A SENIOR York politician has sparked a furious row by saying there is no real poverty in Britain and people should not donate to food banks.
Chris Steward, a Conservative councillor, said living standards had surged, that there was no need for food banks, that they were an insult to starving people around the world, and that donating to them allowed recipients to spend more money on alcohol and cigarettes.
But his comments have been condemned by political opponents and The Trussell Trust, which runs 275 banks nationwide.
Chris Mould, the charity’s executive chairman, said more than 10,000 professionals nationwide were referring people to food banks and said: “He is making totally inappropriate assertions which I challenge him to back up with proper evidence.”
Coun Steward said on twitter that it insulted those in poverty to claim it existed in the UK. Asked to elaborate, he said Britain had relative poverty, like every country, but not absolute poverty.
He said: “We have lots of poor people, but living standards have surged over the years. There is certainly no need for food banks; no-one in the UK is starving and I think food banks insult the one billion in the world that go to bed hungry every day and ignore the fact a child dies of hunger every three seconds.
"The fact some give food to food banks, merely enables people who can’t budget (an issue where schools should do much more and I have said the council should) or don’t want to, to have more money to spend on alcohol, cigarettes etc.”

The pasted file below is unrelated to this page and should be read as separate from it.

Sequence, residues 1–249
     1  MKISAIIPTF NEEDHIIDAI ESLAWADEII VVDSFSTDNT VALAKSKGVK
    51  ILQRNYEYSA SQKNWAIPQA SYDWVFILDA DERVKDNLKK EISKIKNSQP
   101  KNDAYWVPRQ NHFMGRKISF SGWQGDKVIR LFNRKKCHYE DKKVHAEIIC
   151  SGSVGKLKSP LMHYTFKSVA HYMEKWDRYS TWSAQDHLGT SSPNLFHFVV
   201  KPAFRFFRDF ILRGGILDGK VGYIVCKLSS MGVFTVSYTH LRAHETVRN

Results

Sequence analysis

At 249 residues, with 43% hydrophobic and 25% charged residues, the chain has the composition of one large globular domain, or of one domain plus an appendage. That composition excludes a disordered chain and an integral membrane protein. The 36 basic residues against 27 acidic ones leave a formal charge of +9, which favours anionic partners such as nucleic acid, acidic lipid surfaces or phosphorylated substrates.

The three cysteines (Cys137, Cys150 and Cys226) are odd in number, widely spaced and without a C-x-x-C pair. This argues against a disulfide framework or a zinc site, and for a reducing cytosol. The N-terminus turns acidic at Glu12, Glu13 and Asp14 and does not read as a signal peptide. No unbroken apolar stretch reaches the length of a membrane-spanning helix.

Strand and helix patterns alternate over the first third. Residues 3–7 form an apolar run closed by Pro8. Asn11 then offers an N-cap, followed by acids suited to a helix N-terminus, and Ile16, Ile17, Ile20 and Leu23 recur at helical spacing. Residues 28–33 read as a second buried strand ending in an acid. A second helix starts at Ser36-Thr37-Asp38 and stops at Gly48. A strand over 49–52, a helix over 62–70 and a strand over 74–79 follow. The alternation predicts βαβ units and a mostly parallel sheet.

Mr Mould said Coun Steward was “poorly informed” and said living standards for people on low incomes had declined in recent years, with heating costs rising by 65 per cent in five years and the cost of basic food rising by 35 per cent. He said it was stereotyping to say those on low incomes were using money unwisely, saying there were many reasons why people found themself in crisis.
He said: “He says there is no need for food banks; I am astonished by his assertion. What does he know? Where is his evidence? More than 10,000 front-line professionals, week in week out, are referring people they are trying to help to food banks.
"They are seeing people from Cornwall to Inverness, York to Liverpool, and in increasing numbers they are referring people to food banks. I am talking from an evidence-base of 10,000 care professionals who would argue with him. It is astonishing he would make an assertion like that.”
Mr Mould said nobody suggested people should not be distressed or outraged by unnecessary hunger elsewhere in the world, but said: “It is clear that people in the UK who we meet have been going without meals when they arrive at food banks. They are going to bed hungry too. We are one of the richest countries in the world, but one of the most unequal in terms of income distribution in Europe.”
Tracey Simpson-Laing, the council’s cabinet member for health, housing and adult social services, called Coun Steward’s comments “astounding” and “disgraceful”, coming soon after the launch of The Press’s Stamp Out Poverty campaign and the findings of the York’s Fairness Commission, led by the Archbishop of York.
She said the council was working to tackle poverty, asked other Tory councillors to say whether they agreed with Coun Steward, and said she would write to Prime Minister David Cameron to ask whether Coun Steward’s comments reflected Government policy.